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Dave McKenna’s criticism of Washington Redskins head coach Marty Schottenheimer’s hiring of relatives and former Kansas City Chief associates for his coaching staff strikes me as unfair and somewhat premature (Cheap Seats, “Too Many Chiefs,” 6/8). McKenna states: “What started out as a cutesy episode of family ties has become rather ridiculous. When it comes to recruiting staff and players, the new Skins sagamore appears to be merely dusting off old time sheets from his days at Arrowhead Stadium.” That Schottenheimer would hire people with whom he’s comfortable and who are familiar with his system is hardly surprising or unusual. In professional sports, it happens all the time. When Bill Parcells became head coach of the New England Patriots, he assembled his coaching staff with people with whom he worked during his days with the New York Giants. When Phil Jackson accepted the position of head coach of the Los Angeles Lakers, he turned to people who had been with him on the Chicago Bulls staff.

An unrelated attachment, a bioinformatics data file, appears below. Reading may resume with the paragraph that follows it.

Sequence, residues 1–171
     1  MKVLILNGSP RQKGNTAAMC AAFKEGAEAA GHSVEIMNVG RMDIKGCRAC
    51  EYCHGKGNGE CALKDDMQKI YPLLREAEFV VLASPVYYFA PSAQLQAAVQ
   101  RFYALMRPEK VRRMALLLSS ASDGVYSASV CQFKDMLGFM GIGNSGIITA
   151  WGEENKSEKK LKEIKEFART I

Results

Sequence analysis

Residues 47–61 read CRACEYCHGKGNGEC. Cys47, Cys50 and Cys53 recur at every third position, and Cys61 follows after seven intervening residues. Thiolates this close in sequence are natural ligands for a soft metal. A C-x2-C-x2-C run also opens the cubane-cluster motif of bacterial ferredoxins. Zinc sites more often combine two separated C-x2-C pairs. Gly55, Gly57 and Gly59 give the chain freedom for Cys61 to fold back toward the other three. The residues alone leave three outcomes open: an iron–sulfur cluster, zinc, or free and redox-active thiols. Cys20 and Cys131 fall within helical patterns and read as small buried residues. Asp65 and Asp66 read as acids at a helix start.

Indeed, Schottenheimer’s rationale speaks directly to the point: “My primary impetus in making the changes was that I was anxious to keep people I’d been involved with before, who understood the way we do things. It’s no reflection on anyone who was here.”
McKenna implies that the hiring of Kurt Schottenheimer as defensive coordinator had more to do with blood ties than actual qualifications for the job. “The 1998 Chiefs,” McKenna writes, “ended the season as the most penalized team in the league.” It should also be noted that the 1999 Kansas City defensive unit under the younger Schottenheimer led the National Football League in nine defensive touchdowns and finished second in the league, with 45 turnovers.